Publication Type:Journal Article
Source:Journal of medicinal chemistry, Volume 58, Issue 4, p.1750-9 (2015)
Keywords:Animals, Antidotes, Cercopithecus aethiops, Cobamides, COS Cells, Cyanides, Dose-Response Relationship, Drug, Injections, Intramuscular, Male, Mice, Mice, Inbred C57BL, Muscle, Skeletal, Rabbits, Sodium Nitrite, Structure-Activity Relationship, Thiosulfates, Time Factors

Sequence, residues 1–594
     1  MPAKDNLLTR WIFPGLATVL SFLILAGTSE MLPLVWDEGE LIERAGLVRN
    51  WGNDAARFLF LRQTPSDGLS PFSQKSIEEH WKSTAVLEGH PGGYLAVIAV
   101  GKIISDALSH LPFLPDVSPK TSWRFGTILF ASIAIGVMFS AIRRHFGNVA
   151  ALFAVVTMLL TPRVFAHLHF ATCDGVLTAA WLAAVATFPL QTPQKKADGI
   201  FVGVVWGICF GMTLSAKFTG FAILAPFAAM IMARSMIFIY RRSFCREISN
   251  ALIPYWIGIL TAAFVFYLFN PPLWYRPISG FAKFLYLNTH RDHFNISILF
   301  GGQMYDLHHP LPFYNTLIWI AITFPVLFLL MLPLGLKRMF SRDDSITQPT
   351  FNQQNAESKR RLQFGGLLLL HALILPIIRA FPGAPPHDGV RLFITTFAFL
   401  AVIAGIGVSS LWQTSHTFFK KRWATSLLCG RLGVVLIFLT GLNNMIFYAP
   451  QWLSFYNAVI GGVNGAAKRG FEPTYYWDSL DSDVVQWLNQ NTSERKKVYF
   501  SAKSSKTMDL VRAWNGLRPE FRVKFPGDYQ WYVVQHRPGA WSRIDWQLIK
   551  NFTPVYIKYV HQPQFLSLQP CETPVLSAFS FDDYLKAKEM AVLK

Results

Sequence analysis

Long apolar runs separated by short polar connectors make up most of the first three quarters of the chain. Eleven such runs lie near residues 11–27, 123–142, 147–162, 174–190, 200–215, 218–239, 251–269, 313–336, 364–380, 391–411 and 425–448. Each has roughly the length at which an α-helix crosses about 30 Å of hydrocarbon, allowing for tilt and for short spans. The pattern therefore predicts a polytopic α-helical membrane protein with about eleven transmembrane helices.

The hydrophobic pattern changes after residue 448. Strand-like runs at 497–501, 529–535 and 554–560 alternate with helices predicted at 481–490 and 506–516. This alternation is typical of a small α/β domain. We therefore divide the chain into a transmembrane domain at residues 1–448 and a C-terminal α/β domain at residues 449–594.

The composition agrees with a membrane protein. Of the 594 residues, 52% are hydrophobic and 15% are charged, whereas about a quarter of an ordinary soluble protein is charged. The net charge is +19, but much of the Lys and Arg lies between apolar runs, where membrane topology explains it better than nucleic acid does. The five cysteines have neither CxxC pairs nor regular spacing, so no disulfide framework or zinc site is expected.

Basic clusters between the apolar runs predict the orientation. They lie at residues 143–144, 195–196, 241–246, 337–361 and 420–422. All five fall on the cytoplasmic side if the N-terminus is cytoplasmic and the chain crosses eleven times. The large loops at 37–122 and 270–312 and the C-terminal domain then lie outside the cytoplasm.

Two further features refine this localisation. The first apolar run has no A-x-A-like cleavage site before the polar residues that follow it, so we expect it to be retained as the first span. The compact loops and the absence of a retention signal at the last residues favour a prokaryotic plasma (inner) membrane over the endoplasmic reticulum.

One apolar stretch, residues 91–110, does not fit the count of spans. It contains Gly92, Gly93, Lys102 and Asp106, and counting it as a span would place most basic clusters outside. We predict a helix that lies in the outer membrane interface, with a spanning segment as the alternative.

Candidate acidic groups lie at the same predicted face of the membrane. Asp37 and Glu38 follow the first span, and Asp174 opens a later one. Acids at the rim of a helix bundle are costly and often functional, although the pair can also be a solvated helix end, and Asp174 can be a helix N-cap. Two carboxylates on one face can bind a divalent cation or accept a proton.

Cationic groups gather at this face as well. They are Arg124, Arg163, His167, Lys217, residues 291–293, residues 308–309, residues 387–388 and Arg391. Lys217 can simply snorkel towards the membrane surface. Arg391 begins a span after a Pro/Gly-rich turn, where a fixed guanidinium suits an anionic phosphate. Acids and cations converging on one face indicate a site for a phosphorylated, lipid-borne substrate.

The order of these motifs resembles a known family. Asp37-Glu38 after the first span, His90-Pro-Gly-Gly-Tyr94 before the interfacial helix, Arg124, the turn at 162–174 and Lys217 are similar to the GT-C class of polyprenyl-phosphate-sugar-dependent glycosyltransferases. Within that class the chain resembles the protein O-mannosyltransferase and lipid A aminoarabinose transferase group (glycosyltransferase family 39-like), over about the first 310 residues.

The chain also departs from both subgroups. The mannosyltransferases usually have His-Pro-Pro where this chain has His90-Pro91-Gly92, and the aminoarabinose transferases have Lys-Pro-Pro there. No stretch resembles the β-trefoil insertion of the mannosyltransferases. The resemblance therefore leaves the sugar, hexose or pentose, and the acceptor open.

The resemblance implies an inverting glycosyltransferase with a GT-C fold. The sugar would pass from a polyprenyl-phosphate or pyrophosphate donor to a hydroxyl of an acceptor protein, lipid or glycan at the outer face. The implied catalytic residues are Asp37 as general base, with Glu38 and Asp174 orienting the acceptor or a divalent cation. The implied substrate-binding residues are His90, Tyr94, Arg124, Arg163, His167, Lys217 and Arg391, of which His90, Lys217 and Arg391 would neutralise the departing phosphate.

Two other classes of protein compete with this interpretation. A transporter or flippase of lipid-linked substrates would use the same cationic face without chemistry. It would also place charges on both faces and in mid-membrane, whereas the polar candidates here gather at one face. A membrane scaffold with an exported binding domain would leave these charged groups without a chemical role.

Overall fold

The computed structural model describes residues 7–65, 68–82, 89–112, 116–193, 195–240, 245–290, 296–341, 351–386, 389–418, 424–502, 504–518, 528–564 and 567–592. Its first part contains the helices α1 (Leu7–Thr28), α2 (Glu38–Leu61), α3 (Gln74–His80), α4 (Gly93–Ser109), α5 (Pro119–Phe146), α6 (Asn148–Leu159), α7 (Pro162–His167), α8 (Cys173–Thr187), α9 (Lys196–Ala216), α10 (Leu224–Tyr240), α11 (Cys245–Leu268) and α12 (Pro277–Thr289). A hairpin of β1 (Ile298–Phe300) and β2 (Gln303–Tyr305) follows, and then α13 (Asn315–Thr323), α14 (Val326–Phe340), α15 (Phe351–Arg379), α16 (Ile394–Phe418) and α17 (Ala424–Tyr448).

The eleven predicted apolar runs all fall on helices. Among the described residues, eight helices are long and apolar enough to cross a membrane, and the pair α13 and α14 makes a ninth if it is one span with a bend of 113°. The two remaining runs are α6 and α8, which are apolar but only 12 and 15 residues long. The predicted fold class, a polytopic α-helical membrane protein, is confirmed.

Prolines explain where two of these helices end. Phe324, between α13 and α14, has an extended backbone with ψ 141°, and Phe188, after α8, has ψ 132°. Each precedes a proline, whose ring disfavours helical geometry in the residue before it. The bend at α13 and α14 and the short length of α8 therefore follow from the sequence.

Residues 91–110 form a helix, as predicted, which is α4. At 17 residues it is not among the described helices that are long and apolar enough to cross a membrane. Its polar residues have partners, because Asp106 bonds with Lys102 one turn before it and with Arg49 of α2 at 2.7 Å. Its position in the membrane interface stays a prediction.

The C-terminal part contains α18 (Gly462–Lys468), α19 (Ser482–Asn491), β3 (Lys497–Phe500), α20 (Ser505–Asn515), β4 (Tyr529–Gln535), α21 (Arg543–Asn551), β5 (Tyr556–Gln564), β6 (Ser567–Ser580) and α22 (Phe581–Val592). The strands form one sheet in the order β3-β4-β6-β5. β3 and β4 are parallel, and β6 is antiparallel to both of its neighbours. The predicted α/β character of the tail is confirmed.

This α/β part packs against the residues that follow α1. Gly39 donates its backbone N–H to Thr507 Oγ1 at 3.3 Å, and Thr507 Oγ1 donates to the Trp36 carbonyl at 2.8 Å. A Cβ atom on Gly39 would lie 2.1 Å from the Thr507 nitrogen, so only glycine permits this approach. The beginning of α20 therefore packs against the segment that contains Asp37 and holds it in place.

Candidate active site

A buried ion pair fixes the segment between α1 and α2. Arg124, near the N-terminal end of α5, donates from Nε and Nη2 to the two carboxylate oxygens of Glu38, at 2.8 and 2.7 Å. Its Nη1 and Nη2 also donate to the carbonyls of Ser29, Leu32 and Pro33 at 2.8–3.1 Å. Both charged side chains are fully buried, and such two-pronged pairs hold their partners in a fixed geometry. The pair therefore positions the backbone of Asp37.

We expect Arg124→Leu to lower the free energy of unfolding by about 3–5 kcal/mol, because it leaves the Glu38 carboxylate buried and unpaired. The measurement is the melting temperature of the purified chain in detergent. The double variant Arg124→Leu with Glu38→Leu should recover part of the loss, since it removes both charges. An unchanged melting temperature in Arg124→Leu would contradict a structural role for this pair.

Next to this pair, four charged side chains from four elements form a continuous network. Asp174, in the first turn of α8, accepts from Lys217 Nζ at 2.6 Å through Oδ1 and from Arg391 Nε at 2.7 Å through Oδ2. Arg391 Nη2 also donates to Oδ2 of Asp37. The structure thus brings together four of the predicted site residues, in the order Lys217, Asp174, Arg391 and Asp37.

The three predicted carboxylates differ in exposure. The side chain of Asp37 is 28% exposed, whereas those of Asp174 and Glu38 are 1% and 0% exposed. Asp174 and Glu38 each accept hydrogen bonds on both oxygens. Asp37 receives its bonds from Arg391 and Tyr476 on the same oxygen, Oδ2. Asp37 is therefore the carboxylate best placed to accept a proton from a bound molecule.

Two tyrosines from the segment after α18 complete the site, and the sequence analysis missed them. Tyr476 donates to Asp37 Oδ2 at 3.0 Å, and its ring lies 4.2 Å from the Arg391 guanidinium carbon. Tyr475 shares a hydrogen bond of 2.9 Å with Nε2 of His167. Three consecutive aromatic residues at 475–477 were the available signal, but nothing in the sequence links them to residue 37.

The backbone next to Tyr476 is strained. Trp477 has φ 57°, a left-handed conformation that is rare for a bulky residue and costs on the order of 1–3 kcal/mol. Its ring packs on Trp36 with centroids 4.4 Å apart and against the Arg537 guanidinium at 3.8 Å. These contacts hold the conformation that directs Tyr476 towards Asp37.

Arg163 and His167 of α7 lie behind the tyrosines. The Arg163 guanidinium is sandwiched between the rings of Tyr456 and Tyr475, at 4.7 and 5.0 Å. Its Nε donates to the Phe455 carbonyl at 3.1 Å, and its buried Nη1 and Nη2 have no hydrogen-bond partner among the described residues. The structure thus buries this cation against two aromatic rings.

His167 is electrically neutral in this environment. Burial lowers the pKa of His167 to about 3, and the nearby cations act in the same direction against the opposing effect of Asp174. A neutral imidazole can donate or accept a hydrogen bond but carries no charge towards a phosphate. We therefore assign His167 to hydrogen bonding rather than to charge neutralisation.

Currently available cyanide antidotes must be given by intravenous injection over 5-10 min, making them ill-suited for treating many people in the field, as could occur in a major fire, an industrial accident, or a terrorist attack. These scenarios call for a drug that can be given quickly, e.g., by intramuscular injection. We have shown that aquohydroxocobinamide is a potent cyanide antidote in animal models of cyanide poisoning, but it is unstable in solution and poorly absorbed after intramuscular injection. Here we show that adding sodium nitrite to cobinamide yields a stable derivative (referred to as nitrocobinamide) that rescues cyanide-poisoned mice and rabbits when given by intramuscular injection. We also show that the efficacy of nitrocobinamide is markedly enhanced by coadministering sodium thiosulfate (reducing the total injected volume), and we calculate that ∼1.4 mL each of nitrocobinamide and sodium thiosulfate should rescue a human from a lethal cyanide exposure.